In or Out? Has Voyager left the solar system?

The Voyager spacecraft launched in August and September of 1977 and spent more than 11 years exploring Jupiter, Saturn, Uranus and Neptune before heading off toward interstellar space in 1989. Scientists think it arrived, 23 years later, in August 2012.

San Francisco - There is a possibility that Voyager, the U.S. spacecraft launched in 1977, which is thought to have left the heliosphere and entered interstellar space last year, could still be "inside," said Ed Stone, Voyager project chief scientist, today at the annual meeting of the American Geophysical Union in San Francisco.

After much speculation last year about whether and when Voyager had entered interstellar space, scientists analyzing new data from the craft last fall reported in Science that several parameters, including plasma densities, electron densities and cosmic rays changed significantly on Aug. 25, 2012. Voyager scientists were expecting to see changes in the data when the craft passed through the heliopause, the boundary between interstellar space and the heliosphere, the region of space that is under the influence of the solar wind.

“Now that we have new, key data, we believe this is humankind's historic leap into interstellar space,” Stone said in a statement released by AAAS earlier this fall. “The Voyager team needed time to analyze those observations and make sense of them. But we can now answer the question we've all been asking: Are we there yet? Yes, we are.”

Today, Stone discussed the data that Voyager scientists have received since then. In March 2013, there was another onset of much denser, cooler interstellar plasma. "It's a non-trivial change, a factor of 10 higher," Stone said. "It was clear we were in a much denser media." Other parameters continue to indicate the spacecraft is in a new region of space. "On August 25 of last year, the low energy particles disappeared and they did not come back," Stone said.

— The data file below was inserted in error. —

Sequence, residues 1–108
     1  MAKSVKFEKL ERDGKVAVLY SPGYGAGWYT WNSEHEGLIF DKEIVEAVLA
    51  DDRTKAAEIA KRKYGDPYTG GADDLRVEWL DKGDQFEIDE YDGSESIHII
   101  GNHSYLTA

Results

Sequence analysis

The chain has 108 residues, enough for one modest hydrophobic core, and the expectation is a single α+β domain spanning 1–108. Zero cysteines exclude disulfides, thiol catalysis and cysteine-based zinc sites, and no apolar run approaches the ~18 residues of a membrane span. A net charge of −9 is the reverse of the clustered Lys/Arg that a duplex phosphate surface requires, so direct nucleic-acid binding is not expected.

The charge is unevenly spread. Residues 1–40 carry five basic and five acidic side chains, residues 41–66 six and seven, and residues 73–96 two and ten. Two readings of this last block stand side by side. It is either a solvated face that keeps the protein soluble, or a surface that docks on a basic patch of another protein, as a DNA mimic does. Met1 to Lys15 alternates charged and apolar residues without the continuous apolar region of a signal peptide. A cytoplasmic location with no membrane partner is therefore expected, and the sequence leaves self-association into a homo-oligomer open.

Although those data imply Voyager has indeed entered interstellar space, Stone said, there are some conditions that could produce those readings even if Voyager were still inside the heliopause — for example, if the spacecraft were inside a magnetic bubble or ridge that could be acting as a conduit from the outside.

The new data also raise several questions, for example, about the heliosheath thickness, which was found to be 30 AU instead of the 50 AU models had predicted (1 AU = 150 million kilometers).

Voyager is now 126 AU from Earth, the farthest a man-made object has ever traveled. Voyager II is a few years behind and expected to reach interstellar space in about three to five years, Stone said. All the intruments currently working are expected to continue operating through 2020, with the last ones shutting down in 2025, and scientists look forward to receiving data in the next few years that could clear up some of these questions.

In the meantime, Stone said, "the voyage continues."

Sara E. Pratt

Pratt is associate editor of EARTH.

Monday, December 9, 2013 - 15:00